We in CAP salute Martin Lynch, the co-founder of New Belfast Community Arts Initiative, former member of Community Arts Partnership’s Board and now Patron of Community Arts Partnership who has been elected to Aosdána, the affiliation of creative artists in Ireland. Founded in 1981, Aosdana, honours artists whose work has made an outstanding contribution to the creative arts in Ireland.
Martin Lynch has been a writer since the 70s. In that time, he has written plays for the Lyric Theatre, Arts Theatre, Charabanc Theatre, etc., (all Belfast) and the Abbey Theatre, Dublin. His plays have been produced all over Ireland, the UK, Europe and the USA, as well as writing the screenplay to Sam Goldwyn’s A Prayer for the Dying starring Mickey Rourke, Bob Hoskins and Liam Neeson.
Martin has always been an active supporter of community arts practice in Northern Ireland, particularly concerned with the need to increase access and participation to the arts for people living in areas where opportunities to engage creatively are severely limited. Martin wrote the ground-breaking community play, The Stone Chair in 1979, set in Short Strand and involving a cast of 100. In 1999, he co-wrote with Marie Jones and the Company, the smash hit, The Wedding Community Play.
On founding CAF and establishing New Belfast Community Arts Initiative in the 90s, Martin said: It couldn’t have happened 20 years before, it certainly couldn’t have come about fifty years ago – it’s an accumulation of a change in society’s behaviour and that is that the arts were becoming more acceptable in areas that previously they were not accepted – that is working class areas and areas with high levels of social deprivation.”
Martin Lynch: “In order to understand how remarkable current community arts developments are, they have to be placed in the context of what went before. It is important that we appreciate and know that productions of the arts worked in an entirely different way for probably three hundred years before community arts emerged in its various guises across the world in the 1960s. In that three-hundred-year period, the production of what we call the ‘professional arts’ was carried out almost exclusively by people from ‘educated’ and materially well-off backgrounds. It was also – and this is just as crucial – watched and consumed by, that is, its audience was, the same social bracket of people.”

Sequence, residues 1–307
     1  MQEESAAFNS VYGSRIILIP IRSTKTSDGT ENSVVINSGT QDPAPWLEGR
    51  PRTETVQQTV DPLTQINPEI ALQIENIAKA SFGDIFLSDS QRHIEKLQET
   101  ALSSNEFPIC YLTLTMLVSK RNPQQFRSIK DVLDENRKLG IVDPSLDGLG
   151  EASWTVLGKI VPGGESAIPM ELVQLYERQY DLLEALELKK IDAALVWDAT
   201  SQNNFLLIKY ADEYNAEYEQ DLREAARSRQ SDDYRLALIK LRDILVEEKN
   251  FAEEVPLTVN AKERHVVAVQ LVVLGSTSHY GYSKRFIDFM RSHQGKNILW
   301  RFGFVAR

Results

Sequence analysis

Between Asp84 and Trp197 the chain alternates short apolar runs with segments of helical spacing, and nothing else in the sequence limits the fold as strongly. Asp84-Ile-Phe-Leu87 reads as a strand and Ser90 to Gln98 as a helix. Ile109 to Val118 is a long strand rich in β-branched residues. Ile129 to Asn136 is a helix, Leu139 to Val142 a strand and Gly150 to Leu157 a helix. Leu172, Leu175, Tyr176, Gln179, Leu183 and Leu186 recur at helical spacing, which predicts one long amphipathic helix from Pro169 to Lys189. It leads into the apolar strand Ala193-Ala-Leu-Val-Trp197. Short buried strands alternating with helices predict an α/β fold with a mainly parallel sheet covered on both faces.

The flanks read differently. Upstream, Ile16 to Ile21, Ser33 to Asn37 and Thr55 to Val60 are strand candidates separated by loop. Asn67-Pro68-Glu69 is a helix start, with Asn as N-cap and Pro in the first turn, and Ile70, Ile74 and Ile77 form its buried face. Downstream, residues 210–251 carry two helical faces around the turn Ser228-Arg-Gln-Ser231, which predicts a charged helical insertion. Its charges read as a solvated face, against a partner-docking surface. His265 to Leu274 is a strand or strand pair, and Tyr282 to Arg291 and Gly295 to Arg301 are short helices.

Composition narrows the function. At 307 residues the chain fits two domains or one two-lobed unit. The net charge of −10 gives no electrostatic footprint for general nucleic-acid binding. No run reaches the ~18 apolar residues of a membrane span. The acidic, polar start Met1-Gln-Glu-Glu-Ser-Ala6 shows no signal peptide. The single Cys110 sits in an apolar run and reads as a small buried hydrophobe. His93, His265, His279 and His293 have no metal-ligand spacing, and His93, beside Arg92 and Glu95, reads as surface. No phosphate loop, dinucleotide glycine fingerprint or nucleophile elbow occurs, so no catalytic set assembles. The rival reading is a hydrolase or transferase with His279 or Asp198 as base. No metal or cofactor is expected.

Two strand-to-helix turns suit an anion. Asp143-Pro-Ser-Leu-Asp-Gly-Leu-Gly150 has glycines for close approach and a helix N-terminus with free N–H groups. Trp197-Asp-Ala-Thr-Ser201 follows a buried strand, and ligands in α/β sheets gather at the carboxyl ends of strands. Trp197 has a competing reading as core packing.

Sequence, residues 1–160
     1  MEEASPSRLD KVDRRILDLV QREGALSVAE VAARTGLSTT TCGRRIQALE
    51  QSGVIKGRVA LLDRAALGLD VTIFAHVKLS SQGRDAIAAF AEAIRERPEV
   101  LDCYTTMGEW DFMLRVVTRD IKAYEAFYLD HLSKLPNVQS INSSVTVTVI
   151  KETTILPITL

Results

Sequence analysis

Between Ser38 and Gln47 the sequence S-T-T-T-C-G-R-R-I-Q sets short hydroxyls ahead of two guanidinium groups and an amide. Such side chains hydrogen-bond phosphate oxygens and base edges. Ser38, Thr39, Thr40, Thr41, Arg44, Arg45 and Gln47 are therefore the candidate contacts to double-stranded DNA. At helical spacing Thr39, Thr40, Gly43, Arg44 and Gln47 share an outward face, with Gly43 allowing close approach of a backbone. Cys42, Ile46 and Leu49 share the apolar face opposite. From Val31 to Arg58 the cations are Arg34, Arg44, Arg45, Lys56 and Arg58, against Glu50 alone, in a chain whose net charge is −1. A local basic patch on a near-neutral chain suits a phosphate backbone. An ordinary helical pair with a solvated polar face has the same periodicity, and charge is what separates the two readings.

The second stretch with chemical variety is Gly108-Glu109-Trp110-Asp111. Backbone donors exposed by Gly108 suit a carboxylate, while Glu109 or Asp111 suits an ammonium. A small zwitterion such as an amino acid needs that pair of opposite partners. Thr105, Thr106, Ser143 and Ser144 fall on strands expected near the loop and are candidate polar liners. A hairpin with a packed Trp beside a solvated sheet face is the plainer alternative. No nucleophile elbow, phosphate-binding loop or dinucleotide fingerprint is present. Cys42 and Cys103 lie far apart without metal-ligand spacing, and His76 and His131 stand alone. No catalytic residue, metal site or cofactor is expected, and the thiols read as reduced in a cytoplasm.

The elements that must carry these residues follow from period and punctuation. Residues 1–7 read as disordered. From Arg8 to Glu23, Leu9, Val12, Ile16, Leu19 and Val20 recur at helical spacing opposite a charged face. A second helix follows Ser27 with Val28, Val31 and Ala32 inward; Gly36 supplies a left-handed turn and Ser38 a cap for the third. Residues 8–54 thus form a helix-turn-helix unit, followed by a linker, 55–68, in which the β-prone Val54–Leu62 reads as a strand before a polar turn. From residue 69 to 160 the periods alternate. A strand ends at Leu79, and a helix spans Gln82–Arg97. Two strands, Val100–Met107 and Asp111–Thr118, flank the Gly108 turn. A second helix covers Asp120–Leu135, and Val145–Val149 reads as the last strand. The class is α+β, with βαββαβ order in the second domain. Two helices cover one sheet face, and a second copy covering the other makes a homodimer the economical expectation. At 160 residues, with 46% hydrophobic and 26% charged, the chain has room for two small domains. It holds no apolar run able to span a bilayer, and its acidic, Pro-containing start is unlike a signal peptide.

There was a notion that you had to be born extremely talented and have a good education in order to become an artist or writer. We rejected that. We felt that people born in Ardoyne, Sandy Row and Rathcoole could be as innately talented, but would never see the realisation of this talent because society would not allow them.”
We pay tribute to our patron Martin and congratulate him on this well-deserved recognition. All the best for the future from all in CAP and indeed, your many friends across the theatre and community sector.
You can read more information about his election at the link below
and Martin Lynch’s career is discussed in detail in an interview with the Irish Studies Review which can be found at the link below.